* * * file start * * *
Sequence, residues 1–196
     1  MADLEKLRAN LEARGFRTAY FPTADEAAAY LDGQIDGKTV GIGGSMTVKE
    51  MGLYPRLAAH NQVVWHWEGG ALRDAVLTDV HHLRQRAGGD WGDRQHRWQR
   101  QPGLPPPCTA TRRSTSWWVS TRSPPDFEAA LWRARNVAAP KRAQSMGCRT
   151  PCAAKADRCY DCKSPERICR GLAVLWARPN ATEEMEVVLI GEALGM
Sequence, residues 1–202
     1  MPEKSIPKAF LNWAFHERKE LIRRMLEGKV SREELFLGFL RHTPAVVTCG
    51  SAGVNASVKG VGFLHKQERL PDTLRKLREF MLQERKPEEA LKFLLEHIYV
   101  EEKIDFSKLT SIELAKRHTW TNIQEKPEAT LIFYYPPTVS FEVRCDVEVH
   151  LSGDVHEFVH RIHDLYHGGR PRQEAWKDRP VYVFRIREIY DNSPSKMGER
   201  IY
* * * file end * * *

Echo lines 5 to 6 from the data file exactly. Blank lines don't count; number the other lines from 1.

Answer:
   151  PCAAKADRCY DCKSPERICR GLAVLWARPN ATEEMEVVLI GEALGM
Sequence, residues 1–202